December 28, 2018
By Jim Grant
The AR-15 has some of the best ergonomics of any rifle in production. But one of the lacking aspects of these ergos, is the charging handle.
Originally, the handle was designed to be used with the shooting hand’s middle and index fingers. The problem with this is two-fold: first, it causes the shooter to remove their shooting hand from the pistol grip, so they can’t fire the weapon if they suddenly need to. And second, it relies on somewhat fine motor skills to perform a common, but critical function of the gun’s manual of arms.
The latter being an issue during high stress moments, where adrenaline dumps cause a lack of fine motor skills. This could make a shooter fumble with the controls when a successful reload matters most.
Years later, shooters learned to charge the handle from the left side with their support hand to mitigate part of this issue. This was done in light of experience gained from clearing malfunctions and running guns hard in competition, and combat.
The problem with this, is that the charging handle and its latch aren’t designed for the increased pressure and tension on one side. Thus, utilizing mil-spec standard charging handles in this manner can lead to premature wear and failure.
In response, many companies have come up with their own versions of the charging handle that incorporate larger handles and reinforced components. Yet, most of these solutions fail to address the core problem: the use of a charging latch.
So when I heard the folks at Devil Dog Concepts were taking a different approach, I jumped at the prospect of reviewing their new product.
Enter, the DDC Hard Charger.
While other side-charging AR-15 rifles, carbines and pistols utilize a custom upper receiver and bolt carrier, DDC’s Hard Charger actually works with a standard AR-15 upper and carrier. It does this by shifting the changes to the charging handle to the outside of the device.
Essentially, they’ve built a side-charger that operates via a modified standard charging handle. While this might seem complex or possibly fragile, the truth is far from it. Because the DDC charger utilizes a Picatinny rail clamp to secure the forward portion of it, the Hard Charger has no additional leverage on the system.
Another advantage of the DDC system, is that is allows the gun to be charged like a standard AR-15 as well, since it uses a modified standard charger. This is ideal since it permits the system to keep operating even if the DDC special charger manages to fail.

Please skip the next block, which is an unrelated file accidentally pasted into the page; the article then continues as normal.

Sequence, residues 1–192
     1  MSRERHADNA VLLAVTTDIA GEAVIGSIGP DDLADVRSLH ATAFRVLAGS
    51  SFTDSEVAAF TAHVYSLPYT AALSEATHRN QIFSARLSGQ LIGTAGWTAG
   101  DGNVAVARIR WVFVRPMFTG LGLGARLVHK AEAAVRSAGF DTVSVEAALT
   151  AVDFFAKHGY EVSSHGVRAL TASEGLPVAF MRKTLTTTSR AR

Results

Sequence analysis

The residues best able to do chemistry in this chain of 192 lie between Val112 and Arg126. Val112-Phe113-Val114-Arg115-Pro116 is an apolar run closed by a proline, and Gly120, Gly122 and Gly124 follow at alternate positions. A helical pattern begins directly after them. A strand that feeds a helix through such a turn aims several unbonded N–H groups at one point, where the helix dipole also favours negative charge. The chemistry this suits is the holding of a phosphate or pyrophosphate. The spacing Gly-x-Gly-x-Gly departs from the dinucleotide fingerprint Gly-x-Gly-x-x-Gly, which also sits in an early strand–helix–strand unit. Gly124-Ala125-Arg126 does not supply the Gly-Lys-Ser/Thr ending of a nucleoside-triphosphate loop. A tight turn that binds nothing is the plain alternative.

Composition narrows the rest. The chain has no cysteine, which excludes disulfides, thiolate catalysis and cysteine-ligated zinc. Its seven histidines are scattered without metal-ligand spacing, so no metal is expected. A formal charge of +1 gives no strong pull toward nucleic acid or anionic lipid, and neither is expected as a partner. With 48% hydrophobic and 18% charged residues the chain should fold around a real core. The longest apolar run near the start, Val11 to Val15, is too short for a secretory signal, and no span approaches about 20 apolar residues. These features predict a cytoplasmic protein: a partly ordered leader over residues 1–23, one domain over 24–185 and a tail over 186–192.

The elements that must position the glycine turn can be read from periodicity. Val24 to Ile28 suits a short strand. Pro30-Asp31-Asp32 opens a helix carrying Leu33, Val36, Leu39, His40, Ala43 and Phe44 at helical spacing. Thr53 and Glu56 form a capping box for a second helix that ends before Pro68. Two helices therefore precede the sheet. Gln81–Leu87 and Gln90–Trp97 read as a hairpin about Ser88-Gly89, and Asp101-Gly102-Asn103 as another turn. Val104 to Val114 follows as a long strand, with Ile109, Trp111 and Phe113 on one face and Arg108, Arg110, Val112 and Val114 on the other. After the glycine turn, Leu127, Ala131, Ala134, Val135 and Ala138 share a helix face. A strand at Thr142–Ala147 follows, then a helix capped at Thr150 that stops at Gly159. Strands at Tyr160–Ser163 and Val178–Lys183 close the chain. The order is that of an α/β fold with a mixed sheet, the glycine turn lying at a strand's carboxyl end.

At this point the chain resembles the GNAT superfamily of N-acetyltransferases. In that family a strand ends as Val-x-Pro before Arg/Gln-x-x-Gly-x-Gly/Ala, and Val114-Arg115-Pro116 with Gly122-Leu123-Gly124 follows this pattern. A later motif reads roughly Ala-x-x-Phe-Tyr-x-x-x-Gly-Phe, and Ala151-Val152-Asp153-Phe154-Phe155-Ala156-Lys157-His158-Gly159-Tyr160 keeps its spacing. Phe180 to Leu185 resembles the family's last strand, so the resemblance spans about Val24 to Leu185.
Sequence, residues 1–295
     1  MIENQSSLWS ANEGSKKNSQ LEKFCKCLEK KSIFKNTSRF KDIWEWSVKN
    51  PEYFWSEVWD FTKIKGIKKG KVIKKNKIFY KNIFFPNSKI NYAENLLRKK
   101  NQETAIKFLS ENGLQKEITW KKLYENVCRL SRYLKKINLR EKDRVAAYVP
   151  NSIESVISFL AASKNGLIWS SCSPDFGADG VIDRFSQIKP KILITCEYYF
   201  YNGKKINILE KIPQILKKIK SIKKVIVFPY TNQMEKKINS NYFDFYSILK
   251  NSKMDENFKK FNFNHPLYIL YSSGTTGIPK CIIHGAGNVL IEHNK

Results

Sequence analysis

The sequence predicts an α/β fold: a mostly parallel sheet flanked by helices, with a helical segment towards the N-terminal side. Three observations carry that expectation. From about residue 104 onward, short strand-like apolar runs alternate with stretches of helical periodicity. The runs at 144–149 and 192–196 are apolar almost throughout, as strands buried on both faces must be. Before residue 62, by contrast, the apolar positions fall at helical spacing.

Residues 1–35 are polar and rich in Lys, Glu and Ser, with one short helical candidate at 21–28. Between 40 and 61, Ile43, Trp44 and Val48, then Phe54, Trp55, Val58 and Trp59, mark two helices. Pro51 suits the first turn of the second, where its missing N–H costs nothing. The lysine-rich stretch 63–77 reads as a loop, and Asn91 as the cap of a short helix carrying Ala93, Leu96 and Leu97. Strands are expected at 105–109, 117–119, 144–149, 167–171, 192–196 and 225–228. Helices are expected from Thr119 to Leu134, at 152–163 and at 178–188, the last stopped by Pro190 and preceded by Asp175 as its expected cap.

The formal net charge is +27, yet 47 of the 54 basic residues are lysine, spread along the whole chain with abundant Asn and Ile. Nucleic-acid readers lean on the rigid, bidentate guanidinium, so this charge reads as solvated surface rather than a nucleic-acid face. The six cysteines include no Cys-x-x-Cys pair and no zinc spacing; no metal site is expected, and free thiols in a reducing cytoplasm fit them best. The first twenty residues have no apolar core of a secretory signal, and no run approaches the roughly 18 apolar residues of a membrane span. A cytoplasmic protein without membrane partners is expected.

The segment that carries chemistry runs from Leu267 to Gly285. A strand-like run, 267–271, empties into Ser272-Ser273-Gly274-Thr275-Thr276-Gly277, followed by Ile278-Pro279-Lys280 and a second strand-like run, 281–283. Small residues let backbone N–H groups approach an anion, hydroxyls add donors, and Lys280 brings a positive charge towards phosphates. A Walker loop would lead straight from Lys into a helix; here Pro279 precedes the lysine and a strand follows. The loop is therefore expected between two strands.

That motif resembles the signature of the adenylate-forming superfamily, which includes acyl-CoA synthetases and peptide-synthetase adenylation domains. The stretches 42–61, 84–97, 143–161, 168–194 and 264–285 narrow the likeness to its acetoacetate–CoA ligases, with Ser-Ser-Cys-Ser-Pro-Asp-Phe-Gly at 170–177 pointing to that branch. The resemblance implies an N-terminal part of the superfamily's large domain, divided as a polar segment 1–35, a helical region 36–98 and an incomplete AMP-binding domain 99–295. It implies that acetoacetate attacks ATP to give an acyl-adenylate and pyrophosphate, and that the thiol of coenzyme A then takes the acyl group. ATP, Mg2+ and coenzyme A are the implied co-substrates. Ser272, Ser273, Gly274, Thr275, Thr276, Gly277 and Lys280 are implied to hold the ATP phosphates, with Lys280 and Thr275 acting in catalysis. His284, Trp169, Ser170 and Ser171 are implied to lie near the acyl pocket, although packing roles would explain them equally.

Plus, since it uses a standard AR-15 upper, if other types of uppers are similar - like Wolf’s A1 - the DDC functions flawlessly on them as well.
This all sounds great, but how does it hold up to hard use?
I’ve had the DDC Hard Charger on a BCM mid-length upper that my wife, and any range guests use, now for roughly four years. In that time it has seen upwards of 10 thousand rounds. More than that, it was utilized for malfunction clearing drills I was taught by the IDF a few hundred times. This means it has seen vastly more hard use over that time period than normal.
In all this time, I’ve never had the Hard Charger fail to operate or malfunction seriously. The only thing I’ve noticed, is after 2,000 suppressed rounds, it starts to drag a decent amount inside the receiver. Though, this is the case with nearly all charging handles after so much carbon build up.
It’s an ingenious system that seems to work very well in testing. But here’s the real question: “Is it worth $169?”
Arguably, that depends. It’s not a matter of whether the product is made well enough to justify the price - it certainly is. It’s more a question of whether it adds enough functionality or improves the ergonomics of the host rifle enough to warrant the extra money.
For me, I would recommend for the shooter with tens of thousands of rounds downrange and hundreds of hours experience on an AR that it isn’t worth it. I say that, because that sort of shooter will already have so much muscle memory built up. So much so, that the different manual of arms necessitated by the Hard Charger will only slow down reloads and weapon manipulation.
But for shooters either new to the platform, or those more acquainted with side-charging designs like the Galil or the AKM, will likely find the DDC very comfortable and familiar. Overall, the Hard Charger is a well designed, well thought out design. If I really didn’t like the controls on the AR, the Hard Charger could easily remedy that. While its a neat addition to the AR-15, it would be a must on AR-inspired designs like the MPX.
Shooters interested in purchasing one, can do so over at DDC’s website.